The winds of change likely won’t blow down Patricia Boulevard this October, but Ferry Avenue is another story.
With no burning issues smouldering away, eight of the nine current city councillors (including the mayor) indicating they are running again in the fall, and the ninth considering whether to seek another term, the next city council will likely look pretty much like this one (making the assumption, of course, that incumbents have an easier time at the polls).
Firstly, vice-chair Trish Perrin announced earlier this year that she will not be seeking re-election, so that means at least one new face on the board.
Trustee Brenda Hooker, who moved to the Peace Country about a year after the 2014 election and has been tele-commuting, likely won’t seek re-election. However, there is nothing stopping her from running again. So, probably at least two new faces.
Trustee Sharel Warrington is completing her fourth term on the board but has yet to indicate whether she will seek a fifth term. Trustees Tony Cable, Bruce Wiebe, and Bob Harris have also yet to declare their intentions.
Board chair Tim Bennett has put his name forward to sit on the B.C. School Trustees’ Association board, so there is no doubt he is running again.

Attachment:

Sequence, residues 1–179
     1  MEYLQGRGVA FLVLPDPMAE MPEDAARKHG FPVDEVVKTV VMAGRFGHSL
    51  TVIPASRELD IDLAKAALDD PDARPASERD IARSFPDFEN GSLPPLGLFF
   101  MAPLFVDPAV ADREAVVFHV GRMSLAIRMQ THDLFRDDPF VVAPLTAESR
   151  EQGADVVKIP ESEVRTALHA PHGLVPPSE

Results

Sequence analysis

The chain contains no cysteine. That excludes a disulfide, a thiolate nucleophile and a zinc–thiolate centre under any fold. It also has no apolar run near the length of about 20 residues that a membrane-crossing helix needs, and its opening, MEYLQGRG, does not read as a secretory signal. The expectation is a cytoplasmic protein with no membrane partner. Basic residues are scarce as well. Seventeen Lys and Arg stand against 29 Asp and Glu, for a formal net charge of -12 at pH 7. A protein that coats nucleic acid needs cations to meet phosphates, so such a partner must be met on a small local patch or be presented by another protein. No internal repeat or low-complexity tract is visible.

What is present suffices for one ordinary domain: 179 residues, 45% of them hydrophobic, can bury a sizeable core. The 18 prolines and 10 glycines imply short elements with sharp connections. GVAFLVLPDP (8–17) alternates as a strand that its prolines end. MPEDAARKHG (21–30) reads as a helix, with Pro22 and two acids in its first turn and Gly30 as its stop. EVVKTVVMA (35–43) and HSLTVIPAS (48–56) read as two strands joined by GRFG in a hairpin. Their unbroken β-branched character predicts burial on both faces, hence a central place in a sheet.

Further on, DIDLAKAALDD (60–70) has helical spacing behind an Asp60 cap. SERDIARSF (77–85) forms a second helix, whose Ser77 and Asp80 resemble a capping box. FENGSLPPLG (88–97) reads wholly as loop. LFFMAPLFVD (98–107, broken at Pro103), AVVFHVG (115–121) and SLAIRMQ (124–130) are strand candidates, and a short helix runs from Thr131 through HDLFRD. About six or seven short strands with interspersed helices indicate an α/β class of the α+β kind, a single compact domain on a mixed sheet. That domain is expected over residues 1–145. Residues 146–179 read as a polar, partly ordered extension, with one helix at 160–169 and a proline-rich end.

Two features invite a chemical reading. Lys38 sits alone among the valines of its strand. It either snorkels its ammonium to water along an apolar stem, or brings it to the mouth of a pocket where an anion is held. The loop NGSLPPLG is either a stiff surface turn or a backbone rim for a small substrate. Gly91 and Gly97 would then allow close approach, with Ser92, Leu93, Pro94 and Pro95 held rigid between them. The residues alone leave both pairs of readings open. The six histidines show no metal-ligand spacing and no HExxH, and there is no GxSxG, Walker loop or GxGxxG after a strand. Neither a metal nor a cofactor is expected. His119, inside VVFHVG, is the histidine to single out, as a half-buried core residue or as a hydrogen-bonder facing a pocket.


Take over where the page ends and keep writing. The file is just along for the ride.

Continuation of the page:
But then there is also the big change coming to the board. After years of lobbying by the communities involved, the province has agreed to institute a ward system for the district. That means voters in Mackenzie and the Robson Valley will each elect one person to the board while votes in the rest of the district, primarily Prince George, will elect five members.
Theoretically, with Perrin not running and Hooker likely not, those two seats could be taken up by the two new rural board members and the five remaining board members could be back (making the same assumption that incumbents are likely to be re-elected).
However, I suspect there will be more changes than just those two on the board. I would be surprised if Warrington runs again.
However, other than Bennett, they are all keeping their cards close to their vests.
In the meantime, the district is going to have to adapt to the new ward system as well. Boundaries haven’t yet been strictly determined. The Robson Valley is fairly easy … all they have to do is follow the regional district boundaries already determined. If they do that in Mackenzie, however, Bear Lake would be in the Mackenzie ward even though students from there are bused to Prince George.
Plus, there is the district will have to look at establishing a way to have trustees attend meetings remotely. Luckily, today’s technology makes that pretty simple and pretty cost effective.
One thing is certain, the board of education will look substantially different come November.
My only hope is that the residents of Mackenzie and the Robson Valley embrace their newfound electoral success and have meaningful elections.